All Saints Church located in Ellington
Ellington shown within Cambridgeshire
|OS grid reference|
|– London||57 miles (92 km)|
|Sovereign state||United Kingdom|
|Ambulance||East of England|
|EU Parliament||East of England|
|UK Parliament||North West Cambridgeshire|
Ellington is a village and civil parish in Cambridgeshire, England. Ellington lies approximately 4 miles (6 km) west of Huntingdon. Ellington is situated within Huntingdonshire which is a non-metropolitan district of Cambridgeshire as well as being a historic county of England. The civil parish covers an area of 2,700 acres (1,100 hectares); much of it is grassland with some small woods in the south of the parish.
The village contains 235 households and has a population of 585 residents according to the 2011 census. The civil parish of Ellington also includes Ellington Thorpe, a smaller settlement located approximately 1 mile (1.6 km) south of Ellington itself. Ellington Thorpe is a very small hamlet containing just a few 17th-century cottages and was previously known as 'Sibthorpe'.
In 1085 William the Conqueror ordered that a survey should be carried out across his kingdom to discover who owned which parts and what it was worth. The survey took place in 1086 and the results were recorded in what, since the 12th century, has become known as the Domesday Book. Starting with the king himself, for each landholder within a county there is a list of their estates or manors; and, for each manor, there is a summary of the resources of the manor, the amount of annual rent that was collected by the lord of the manor both in 1066 and in 1086, together with the taxable value.
Ellington was listed in the Domesday Book in the Hundred of Leightonstone in Huntingdonshire; the name of the settlement was written as Elintune in the Domesday Book. In 1086 there was just one manor at Ellington; the annual rent paid to the lord of the manor in 1066 had been £10 and the rent was the same in 1086. The lands belonged to the Benedictine abbey at Ramsey.
The Domesday Book does not explicitly detail the population of a place but it records that there was 31 households at Ellington. There is no consensus about the average size of a household at that time; estimates range from 3.5 to 5.0 people per household. Using these figures then an estimate of the population of Ellington in 1086 is that it was within the range of 108 and 155 people.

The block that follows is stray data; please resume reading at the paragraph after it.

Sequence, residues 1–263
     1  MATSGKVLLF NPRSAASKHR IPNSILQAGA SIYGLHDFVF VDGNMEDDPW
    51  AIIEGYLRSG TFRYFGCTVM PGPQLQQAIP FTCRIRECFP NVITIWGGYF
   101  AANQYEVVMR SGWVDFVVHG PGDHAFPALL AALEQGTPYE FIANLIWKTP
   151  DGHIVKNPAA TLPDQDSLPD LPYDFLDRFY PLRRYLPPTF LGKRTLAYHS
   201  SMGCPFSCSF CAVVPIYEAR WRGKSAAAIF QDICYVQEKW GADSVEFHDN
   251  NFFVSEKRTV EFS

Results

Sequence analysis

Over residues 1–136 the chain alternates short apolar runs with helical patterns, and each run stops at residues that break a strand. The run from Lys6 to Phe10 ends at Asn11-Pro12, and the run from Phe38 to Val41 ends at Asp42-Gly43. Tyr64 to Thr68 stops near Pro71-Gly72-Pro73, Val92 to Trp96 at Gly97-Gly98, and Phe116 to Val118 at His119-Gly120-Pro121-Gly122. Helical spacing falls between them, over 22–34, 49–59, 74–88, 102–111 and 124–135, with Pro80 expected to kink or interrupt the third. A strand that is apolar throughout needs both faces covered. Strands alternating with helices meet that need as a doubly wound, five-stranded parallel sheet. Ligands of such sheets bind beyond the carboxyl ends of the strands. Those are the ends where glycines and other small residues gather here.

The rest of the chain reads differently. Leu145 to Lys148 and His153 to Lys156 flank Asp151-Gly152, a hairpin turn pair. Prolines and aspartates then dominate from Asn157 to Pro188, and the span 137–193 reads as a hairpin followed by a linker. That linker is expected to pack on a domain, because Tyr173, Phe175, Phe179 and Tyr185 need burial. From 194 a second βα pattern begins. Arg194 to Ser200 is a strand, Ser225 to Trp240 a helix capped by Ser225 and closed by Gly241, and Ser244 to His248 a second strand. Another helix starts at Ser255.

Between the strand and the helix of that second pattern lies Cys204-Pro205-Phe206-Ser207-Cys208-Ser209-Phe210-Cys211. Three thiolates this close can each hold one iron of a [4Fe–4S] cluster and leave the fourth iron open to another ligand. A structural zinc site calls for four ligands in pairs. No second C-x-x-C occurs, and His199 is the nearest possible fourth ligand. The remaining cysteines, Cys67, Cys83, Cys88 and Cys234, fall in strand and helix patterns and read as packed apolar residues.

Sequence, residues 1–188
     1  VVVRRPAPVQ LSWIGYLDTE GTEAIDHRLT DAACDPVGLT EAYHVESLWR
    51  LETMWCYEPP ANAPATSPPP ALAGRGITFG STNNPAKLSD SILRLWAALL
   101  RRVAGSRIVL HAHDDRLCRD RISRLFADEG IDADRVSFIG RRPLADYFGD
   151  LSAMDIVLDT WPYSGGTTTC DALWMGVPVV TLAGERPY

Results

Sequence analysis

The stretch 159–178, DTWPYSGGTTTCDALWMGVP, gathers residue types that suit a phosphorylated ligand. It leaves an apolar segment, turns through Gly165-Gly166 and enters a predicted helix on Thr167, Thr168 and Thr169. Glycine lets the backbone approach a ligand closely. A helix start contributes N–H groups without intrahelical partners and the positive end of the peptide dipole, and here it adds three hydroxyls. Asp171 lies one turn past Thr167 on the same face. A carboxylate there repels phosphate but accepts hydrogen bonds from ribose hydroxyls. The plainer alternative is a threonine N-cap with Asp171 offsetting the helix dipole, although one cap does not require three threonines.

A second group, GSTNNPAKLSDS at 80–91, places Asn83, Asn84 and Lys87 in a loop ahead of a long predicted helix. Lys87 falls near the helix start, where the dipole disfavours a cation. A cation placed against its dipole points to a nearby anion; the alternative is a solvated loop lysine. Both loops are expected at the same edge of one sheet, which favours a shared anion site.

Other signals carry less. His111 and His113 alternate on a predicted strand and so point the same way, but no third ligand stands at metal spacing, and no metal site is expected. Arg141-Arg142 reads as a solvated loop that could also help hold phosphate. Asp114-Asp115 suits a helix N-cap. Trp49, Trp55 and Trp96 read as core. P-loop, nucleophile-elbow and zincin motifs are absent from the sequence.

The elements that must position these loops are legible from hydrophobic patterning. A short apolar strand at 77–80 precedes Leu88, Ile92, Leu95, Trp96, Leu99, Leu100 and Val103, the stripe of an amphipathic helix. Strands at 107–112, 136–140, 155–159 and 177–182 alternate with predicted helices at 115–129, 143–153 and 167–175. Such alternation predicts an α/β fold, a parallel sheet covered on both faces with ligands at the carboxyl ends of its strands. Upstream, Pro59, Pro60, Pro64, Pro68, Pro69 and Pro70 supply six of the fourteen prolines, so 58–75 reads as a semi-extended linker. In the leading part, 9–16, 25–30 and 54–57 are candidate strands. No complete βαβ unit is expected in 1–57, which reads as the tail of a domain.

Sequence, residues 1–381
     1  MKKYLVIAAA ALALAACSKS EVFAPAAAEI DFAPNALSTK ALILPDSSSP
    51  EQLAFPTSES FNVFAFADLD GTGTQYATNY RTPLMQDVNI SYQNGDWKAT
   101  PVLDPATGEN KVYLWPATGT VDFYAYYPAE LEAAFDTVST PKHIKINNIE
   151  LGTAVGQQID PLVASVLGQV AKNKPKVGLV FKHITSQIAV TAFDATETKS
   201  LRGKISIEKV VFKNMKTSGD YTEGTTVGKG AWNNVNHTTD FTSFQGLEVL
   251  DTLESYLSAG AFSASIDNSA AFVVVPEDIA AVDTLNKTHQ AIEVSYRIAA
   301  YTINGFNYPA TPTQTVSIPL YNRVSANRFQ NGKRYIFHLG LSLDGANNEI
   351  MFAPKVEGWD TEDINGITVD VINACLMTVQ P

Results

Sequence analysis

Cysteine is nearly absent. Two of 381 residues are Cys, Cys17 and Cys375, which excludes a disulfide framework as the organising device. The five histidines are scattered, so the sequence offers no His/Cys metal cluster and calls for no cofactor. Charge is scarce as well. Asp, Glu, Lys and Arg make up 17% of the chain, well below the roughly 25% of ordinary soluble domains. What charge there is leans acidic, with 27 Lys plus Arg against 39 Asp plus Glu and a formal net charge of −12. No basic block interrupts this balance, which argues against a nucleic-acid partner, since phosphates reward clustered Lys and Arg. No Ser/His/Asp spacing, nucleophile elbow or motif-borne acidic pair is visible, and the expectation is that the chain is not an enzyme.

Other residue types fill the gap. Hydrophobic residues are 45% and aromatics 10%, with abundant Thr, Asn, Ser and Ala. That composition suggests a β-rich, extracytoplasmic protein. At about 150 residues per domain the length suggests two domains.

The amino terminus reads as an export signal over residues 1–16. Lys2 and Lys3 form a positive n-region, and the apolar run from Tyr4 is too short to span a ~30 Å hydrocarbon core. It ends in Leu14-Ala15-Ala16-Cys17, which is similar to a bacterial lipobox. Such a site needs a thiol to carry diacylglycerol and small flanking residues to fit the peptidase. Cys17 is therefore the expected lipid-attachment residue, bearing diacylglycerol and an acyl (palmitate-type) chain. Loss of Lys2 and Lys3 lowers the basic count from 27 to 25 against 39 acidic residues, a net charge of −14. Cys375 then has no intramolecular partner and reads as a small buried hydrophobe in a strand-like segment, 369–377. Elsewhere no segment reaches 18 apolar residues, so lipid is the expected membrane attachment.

The Domesday Book uses a number of units of measure for areas of land that are now unfamiliar terms, such as hides and ploughlands. In different parts of the country, these were terms for the area of land that a team of eight oxen could plough in a single season and are equivalent to 120 acres (49 hectares); this was the amount of land that was considered to be sufficient to support a single family. By 1086, the hide had become a unit of tax assessment rather than an actual land area; a hide was the amount of land that could be assessed as £1 for tax purposes. The survey records that there were 16 ploughlands at Ellington in 1086. In addition to the arable land, there was 60 acres (24 hectares) of meadows at Ellington.
The tax assessment in the Domesday Book was known as geld or danegeld and was a type of land-tax based on the hide or ploughland. It was originally a way of collecting a tribute to pay off the Danes when they attacked England, and was only levied when necessary. Following the Norman Conquest, the geld was used to raise money for the King and to pay for continental wars; by 1130, the geld was being collected annually. Having determined the value of a manor's land and other assets, a tax of so many shillings and pence per pound of value would be levied on the land holder. While this was typically two shillings in the pound the amount did vary; for example, in 1084 it was as high as six shillings in the pound. For the manor at Ellington the total tax assessed was 10 geld.
By 1086 there was already a church and a priest at Ellington.
Much of the land in the parish was enclosed in 1774.
In 1870, Ellington was described as,
- "A parish in the district and county of Huntingdon; on an affluent of the river Ouse, 5 miles W of Huntingdon r. station. Post town, Brampton, under Huntingdon. Acres, 2, 910. Real property, £3, 956. Pop., 413. Houses, 95. The property is much sub-divided. The living is a vicarage in the diocese of Ely. Value, £168.* Patron, St. Peter's College, Cambridge. The church is good; and there are a Baptist chapel, and charities £56."